Almost three quarters of the children in care looked after away from home are in foster care, and that is one reason why raising awareness of the phenomenal contribution of the fostering community is so important. And that’s where Foster Care FortnightTM comes in…
Our two-week campaign aims to push fostering further up the agenda than at any other time of the year and to enable a few extra column inches, tv and radio minutes or social media posts to be devoted to the vital, yet underappreciated role of the fostering community.
It is an opportunity for us to celebrate the outstanding work that is taking place around the UK be it within fostering households, fostering services and local authorities, or as part of The Fostering Network’s own projects and programmes.
During Foster Care Fortnight we take a day to focus on each of the four nations of the UK. Today (Friday) it’s the turn of England. The fostering community in England is huge – more than 56,000 children and young people live with 44,500 foster families or friends and family carers. Then there are the tens of thousands of social workers and other children’s social care staff, let alone the wider group of people who offer practical support and friendship to foster families.
Seeing as Foster Care Fortnight is a celebration of fostering and an opportunity to highlight the transformational power of fostering, why don’t we look at a programme which has taken an innovative approach to fostering and gone from strength to strength thanks to collaboration with our members.
The Mockingbird Programme began in England in 2015-2016 with the aim of strengthening the relationships between carers, children and young people, fostering services and birth families. The programme started with just eight fostering services using the extended family model to provide sleepovers and short breaks, peer support, regular joint planning and training, as well as social activities for all.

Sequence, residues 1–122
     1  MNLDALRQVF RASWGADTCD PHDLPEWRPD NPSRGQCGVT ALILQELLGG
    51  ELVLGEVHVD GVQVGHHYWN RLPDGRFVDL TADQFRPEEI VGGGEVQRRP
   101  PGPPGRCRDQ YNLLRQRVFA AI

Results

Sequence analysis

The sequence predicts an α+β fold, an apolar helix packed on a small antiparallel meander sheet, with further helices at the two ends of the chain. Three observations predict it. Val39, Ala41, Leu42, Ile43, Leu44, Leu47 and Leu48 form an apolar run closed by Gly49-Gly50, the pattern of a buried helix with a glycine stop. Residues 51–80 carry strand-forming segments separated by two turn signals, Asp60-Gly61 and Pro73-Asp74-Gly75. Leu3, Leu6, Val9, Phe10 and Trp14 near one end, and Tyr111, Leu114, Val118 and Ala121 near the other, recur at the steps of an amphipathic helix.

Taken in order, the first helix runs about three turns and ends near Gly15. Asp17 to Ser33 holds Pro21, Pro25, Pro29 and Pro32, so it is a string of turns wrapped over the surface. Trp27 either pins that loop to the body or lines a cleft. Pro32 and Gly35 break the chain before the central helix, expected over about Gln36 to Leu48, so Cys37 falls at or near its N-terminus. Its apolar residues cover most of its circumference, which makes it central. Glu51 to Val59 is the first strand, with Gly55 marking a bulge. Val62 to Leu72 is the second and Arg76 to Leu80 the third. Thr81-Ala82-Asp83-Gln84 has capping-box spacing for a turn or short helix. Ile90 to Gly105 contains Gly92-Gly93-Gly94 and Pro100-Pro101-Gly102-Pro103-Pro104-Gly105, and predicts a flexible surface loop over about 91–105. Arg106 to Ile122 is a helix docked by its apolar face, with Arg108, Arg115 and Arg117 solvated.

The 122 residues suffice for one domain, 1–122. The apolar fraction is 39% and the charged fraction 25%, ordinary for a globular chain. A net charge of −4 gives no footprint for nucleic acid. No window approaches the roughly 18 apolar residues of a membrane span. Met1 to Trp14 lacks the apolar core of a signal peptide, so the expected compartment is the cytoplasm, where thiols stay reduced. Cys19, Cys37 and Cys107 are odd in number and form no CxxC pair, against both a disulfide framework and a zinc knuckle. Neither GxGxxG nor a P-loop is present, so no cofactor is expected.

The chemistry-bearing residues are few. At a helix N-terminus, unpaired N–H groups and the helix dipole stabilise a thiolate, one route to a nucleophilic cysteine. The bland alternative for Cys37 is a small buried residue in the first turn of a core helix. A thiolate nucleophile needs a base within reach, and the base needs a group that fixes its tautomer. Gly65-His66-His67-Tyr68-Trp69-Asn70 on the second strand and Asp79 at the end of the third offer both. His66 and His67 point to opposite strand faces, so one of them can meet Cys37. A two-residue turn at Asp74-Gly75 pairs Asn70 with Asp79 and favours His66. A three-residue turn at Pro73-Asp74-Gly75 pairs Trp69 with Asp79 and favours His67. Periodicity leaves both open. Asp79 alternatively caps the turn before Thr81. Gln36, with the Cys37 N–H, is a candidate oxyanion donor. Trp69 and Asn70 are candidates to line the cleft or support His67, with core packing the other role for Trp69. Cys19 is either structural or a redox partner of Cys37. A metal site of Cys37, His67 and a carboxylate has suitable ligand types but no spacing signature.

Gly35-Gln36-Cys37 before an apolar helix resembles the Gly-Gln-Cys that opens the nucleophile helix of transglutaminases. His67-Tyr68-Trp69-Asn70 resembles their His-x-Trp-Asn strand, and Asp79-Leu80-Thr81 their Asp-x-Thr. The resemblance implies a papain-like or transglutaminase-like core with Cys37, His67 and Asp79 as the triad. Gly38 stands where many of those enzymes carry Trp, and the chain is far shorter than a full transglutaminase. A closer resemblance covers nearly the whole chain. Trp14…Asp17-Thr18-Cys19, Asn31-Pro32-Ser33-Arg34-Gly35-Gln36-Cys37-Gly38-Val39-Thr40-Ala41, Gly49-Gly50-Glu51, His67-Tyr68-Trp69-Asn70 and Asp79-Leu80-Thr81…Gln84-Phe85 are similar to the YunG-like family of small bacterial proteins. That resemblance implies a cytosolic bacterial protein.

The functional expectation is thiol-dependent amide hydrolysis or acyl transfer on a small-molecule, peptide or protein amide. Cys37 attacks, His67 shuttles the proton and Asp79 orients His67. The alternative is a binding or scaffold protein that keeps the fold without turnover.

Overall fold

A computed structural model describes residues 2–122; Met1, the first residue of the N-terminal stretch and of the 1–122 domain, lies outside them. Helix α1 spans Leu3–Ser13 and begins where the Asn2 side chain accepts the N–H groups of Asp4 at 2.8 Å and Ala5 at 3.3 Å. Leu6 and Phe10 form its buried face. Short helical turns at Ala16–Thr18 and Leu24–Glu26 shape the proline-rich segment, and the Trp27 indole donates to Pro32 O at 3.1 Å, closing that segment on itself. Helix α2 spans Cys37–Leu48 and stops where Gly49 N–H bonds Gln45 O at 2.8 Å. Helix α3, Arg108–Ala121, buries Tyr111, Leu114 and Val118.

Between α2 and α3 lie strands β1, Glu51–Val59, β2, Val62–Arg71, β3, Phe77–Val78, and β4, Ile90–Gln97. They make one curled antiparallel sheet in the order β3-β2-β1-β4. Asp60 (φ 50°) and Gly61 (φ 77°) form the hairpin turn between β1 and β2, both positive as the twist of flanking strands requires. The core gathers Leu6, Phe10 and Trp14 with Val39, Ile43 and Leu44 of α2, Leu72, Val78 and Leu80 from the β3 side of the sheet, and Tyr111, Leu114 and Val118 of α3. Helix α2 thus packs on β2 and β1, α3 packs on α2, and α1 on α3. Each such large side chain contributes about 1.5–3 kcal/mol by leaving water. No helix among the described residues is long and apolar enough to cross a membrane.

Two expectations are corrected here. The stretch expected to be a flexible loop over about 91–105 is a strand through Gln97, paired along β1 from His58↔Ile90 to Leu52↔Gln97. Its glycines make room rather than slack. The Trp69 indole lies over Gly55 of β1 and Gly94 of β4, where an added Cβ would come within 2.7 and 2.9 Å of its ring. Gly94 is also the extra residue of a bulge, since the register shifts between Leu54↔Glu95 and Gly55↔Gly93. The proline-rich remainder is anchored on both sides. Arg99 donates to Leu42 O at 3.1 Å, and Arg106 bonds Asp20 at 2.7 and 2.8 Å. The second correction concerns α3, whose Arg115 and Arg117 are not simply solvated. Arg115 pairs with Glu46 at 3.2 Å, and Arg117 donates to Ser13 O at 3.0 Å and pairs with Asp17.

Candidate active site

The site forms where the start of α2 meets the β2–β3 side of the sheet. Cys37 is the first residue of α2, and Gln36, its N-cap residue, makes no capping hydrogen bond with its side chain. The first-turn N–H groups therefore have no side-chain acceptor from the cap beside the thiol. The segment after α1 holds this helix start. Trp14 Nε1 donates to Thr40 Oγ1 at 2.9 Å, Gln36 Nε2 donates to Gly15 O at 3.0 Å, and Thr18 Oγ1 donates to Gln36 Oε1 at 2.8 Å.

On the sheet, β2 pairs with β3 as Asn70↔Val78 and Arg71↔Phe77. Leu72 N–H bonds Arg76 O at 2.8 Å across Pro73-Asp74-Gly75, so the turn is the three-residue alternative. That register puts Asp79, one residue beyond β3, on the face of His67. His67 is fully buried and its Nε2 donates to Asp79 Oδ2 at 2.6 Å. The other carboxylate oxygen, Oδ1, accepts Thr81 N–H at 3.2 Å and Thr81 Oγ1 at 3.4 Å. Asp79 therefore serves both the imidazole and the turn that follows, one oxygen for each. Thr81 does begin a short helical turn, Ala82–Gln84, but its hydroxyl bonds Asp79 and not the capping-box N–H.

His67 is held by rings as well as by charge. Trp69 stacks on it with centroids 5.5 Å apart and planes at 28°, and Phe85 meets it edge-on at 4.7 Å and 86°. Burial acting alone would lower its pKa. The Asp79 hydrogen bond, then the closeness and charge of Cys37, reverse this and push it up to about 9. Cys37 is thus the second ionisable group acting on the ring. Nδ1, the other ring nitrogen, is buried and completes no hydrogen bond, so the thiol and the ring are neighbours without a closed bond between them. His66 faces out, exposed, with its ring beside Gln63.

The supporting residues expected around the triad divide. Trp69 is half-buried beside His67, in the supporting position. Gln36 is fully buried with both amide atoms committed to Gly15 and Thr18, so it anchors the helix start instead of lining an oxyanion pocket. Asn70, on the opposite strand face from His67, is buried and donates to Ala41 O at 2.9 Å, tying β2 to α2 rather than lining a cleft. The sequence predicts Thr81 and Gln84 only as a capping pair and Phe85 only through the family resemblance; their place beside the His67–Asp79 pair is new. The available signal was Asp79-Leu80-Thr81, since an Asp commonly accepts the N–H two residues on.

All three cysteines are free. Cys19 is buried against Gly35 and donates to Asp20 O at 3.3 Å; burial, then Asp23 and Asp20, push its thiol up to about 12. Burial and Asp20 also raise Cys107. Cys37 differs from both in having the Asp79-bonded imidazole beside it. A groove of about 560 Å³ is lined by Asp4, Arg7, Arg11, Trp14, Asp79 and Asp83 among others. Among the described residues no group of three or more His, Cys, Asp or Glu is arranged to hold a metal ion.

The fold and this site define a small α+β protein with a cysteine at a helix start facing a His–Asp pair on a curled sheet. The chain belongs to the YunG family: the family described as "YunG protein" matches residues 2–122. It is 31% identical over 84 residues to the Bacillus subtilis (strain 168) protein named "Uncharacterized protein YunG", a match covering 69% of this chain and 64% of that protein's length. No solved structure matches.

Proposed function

There are now 38 Mockingbird partners supporting over 1,500 members of fostering families. And as if that wasn’t enough, findings published last year indicated that as a result of the support of being part of Mockingbird:
- 87 foster carer resignations were avoided
- 115 children and young people have remained with their fostering family despite substantial risks of this relationship breaking down.
The strong relationships and inter-household bonds which have been developed and nurtured as part of the Mockingbird community are perhaps now, more important than ever with Mockingbird carers finding new ways to support each other and the children in their care even at a distance.
Another significant factor in living through the recent lockdown environment has been the need for foster carers to help their children with homeschooling.
Happily our education project Fostering Potential has been underway for some time and its aim to support foster carers’ knowledge and confidence in their role as ‘first educators’ is particularly apt in these present times. An initial evaluation of Fostering Potential showed that the greatest impact of the work was in increasing foster carers’ confidence to support the education of their fostered children. Thanks again to partnership with our members and other sector organisations there have been a series of webinars and a very popular early in the year event attended by foster carers, social workers and staff from virtual schools. You can also read our blog written by the Fostering Potential project manager, called ‘Supporting learning during periods of school closure: a guide for fostering families’.
The Mockingbird Programme and Fostering Potential are just two examples illustrating the outstanding capability, capacity and resolve of foster families, friends and family carers and fostering service staff to look after the children and young people in foster care. A huge thank you to them and to everyone in the fostering community in England and the rest of the UK.